“The problem was: I’m in L.A.; my producer or my engineer’s in New York. I want to go in the studio tonight, but I want to collaborate,” LL Cool J said at a press gathering at the Las Vegas Convention Center. “I don’t want to email you my track and then you email me back your bass line, then I email you back a vocal and then you email me back a drum and then we email back and forth and back and forth.”
The Virtual Recording Studio provides the digital production, mixing and sound tools for artists to create music, LL Cool J said. To demonstrate the technology, he recorded a song Tuesday in front of an audience at CES while his engineer was in New York.
The platform will be completely Web-based and feature a “simple, accessible user interface,” he said. Users will be able to upload tracks and see each other over a video chat feature. He noted that the Virtual Recording Studio was not just for professional musicians, but for casual users as well — such as friends who wanted to get together online and sing karaoke.
“I think that that basically revolutionizes the world of music,” he said. ”If LL Cool J was 16, 17 years old and I was just starting out, I think I would grow vampire teeth to sink my teeth into this product.”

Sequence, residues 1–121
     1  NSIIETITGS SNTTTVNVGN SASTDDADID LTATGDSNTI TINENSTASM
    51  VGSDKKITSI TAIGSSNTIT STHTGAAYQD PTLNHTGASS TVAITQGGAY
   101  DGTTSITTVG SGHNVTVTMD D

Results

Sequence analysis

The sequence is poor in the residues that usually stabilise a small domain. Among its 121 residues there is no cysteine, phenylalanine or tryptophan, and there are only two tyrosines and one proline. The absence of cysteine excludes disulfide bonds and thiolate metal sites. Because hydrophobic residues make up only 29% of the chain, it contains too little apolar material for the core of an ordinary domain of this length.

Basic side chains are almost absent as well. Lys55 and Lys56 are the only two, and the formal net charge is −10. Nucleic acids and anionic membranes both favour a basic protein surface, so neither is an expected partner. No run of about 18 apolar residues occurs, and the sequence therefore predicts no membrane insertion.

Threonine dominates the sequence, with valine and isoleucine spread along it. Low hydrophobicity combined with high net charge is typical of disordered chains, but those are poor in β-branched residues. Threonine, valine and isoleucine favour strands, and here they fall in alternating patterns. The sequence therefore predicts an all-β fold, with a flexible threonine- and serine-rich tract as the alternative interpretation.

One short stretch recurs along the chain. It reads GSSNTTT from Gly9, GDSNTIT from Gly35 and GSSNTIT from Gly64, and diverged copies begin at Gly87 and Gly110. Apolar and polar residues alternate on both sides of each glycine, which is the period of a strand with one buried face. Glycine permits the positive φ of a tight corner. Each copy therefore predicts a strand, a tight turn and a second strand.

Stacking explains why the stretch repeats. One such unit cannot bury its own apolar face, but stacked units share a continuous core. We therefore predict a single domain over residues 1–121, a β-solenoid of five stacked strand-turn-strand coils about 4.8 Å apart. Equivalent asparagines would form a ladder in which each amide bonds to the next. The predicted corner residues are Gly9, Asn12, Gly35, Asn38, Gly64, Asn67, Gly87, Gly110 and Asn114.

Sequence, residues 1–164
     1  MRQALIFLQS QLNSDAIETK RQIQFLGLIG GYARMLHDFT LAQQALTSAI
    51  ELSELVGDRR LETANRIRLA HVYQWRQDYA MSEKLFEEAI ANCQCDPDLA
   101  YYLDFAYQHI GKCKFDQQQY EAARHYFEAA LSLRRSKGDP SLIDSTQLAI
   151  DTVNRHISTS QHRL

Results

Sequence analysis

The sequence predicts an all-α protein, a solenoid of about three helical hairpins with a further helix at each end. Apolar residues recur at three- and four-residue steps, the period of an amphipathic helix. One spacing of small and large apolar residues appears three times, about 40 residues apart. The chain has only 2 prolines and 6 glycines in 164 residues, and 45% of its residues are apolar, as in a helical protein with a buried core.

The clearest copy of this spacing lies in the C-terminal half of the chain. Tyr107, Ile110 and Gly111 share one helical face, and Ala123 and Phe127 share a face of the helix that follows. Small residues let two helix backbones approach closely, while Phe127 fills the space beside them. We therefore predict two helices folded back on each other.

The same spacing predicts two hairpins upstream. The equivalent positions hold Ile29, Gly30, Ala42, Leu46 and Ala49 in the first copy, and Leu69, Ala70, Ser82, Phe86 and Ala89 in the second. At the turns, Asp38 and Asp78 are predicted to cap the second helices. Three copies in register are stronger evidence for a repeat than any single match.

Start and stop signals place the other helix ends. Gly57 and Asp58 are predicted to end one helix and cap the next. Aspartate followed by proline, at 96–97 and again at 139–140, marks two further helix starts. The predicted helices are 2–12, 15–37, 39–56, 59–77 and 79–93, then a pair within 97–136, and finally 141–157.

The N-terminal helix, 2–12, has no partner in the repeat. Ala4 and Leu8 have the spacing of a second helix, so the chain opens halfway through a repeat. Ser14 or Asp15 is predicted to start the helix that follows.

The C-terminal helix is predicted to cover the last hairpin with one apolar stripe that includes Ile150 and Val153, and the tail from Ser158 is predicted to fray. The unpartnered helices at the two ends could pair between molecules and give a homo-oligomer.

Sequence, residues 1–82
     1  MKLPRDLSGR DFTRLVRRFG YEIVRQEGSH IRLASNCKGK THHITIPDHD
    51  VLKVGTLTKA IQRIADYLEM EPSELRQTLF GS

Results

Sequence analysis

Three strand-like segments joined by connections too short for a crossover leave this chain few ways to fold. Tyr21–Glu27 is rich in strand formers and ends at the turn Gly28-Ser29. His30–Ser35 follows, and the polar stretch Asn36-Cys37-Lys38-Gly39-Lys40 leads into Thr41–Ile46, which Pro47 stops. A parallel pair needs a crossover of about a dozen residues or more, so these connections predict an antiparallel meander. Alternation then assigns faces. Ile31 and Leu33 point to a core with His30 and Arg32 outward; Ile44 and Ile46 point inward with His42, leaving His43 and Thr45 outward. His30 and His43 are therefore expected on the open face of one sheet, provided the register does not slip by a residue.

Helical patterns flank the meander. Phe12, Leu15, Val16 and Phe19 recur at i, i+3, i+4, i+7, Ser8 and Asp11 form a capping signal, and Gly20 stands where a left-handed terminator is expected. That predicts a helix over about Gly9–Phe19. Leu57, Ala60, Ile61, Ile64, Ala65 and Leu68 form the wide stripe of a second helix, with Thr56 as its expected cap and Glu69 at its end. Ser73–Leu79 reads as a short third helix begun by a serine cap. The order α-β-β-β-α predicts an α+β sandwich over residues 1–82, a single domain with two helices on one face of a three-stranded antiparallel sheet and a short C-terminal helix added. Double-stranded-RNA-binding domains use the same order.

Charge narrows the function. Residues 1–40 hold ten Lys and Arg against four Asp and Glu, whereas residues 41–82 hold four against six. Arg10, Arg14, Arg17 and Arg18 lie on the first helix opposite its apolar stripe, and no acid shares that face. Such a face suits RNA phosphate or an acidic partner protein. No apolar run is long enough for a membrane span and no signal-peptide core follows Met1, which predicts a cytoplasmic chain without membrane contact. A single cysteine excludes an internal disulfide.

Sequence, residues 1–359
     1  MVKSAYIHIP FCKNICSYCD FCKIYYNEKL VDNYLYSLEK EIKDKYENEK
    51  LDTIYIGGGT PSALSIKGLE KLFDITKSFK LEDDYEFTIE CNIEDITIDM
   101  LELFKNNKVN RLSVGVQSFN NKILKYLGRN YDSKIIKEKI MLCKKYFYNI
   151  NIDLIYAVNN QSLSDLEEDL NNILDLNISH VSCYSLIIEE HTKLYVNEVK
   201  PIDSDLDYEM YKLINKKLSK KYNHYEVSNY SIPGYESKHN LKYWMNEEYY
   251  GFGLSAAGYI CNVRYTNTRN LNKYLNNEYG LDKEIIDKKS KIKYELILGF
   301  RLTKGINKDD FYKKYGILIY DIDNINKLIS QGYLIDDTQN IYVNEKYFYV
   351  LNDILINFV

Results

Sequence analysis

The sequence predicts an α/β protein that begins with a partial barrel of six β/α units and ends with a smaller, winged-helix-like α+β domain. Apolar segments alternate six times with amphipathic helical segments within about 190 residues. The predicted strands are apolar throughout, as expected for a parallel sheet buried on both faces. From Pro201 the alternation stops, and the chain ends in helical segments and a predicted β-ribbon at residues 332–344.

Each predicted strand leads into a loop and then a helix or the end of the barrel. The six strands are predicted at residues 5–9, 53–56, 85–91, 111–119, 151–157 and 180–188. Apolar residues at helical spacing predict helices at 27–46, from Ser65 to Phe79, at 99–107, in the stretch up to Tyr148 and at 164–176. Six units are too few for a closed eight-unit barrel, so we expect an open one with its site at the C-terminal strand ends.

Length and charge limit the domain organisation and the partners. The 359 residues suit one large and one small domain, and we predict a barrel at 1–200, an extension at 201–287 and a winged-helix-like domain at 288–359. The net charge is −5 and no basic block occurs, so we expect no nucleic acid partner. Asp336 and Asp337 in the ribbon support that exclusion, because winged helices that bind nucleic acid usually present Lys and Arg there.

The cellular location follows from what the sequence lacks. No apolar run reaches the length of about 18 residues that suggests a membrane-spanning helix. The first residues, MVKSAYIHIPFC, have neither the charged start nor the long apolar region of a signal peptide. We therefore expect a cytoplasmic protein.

When the software launches, LL Cool J said, part of it will be free, another part will be pay-as-you-go and yet another portion will be subscription based. “I want to make sure that as many people have access to it as possible, and I also want to make sure that it does well as a business.”
The initial launch of the technology will be by invitation only.
– Andrea Chang in Las Vegas
Photo: LL Cool J announces Boomdizzle’s Virtual Recording Studio at CES. Credit: Andrea Chang / Los Angeles Times
Most folks will tell you: Growing old ain't sexy.
And realizing you need bifocals? Even less alluring.
The reading lens is embedded in super-thin layer of liquid crystals and can focus within a fraction of a second — the time it would take you to blink. Inside the arms of the glasses are a computer chip, rechargeable battery and what the company touts as the world's smallest accelerometer.
You trigger the electronic bifocals by tapping and swiping the arm (manual mode) or simply by tilting your head down toward what you want to read (automatic).
The emPower lenses are available now in about 1,500 locations across the U.S., including a handful of optometrists selling them in the Los Angeles area. The will be in Europe in the spring.
They aren't cheap. About $1,200. This includes the lenses, frame and charging station. So you don't want to leave them lying around. And, unfortunately, the lenses and module can't be reprogrammed if your prescription changes.
I thought these glasses might appeal to my fortysomething husband who's dealing with the reality of getting bifocals. It would probably make him feel a bit like Bond — James Bond — even if, these days, he's a tad closer to Sean Connery's Bond than Daniel Craig's.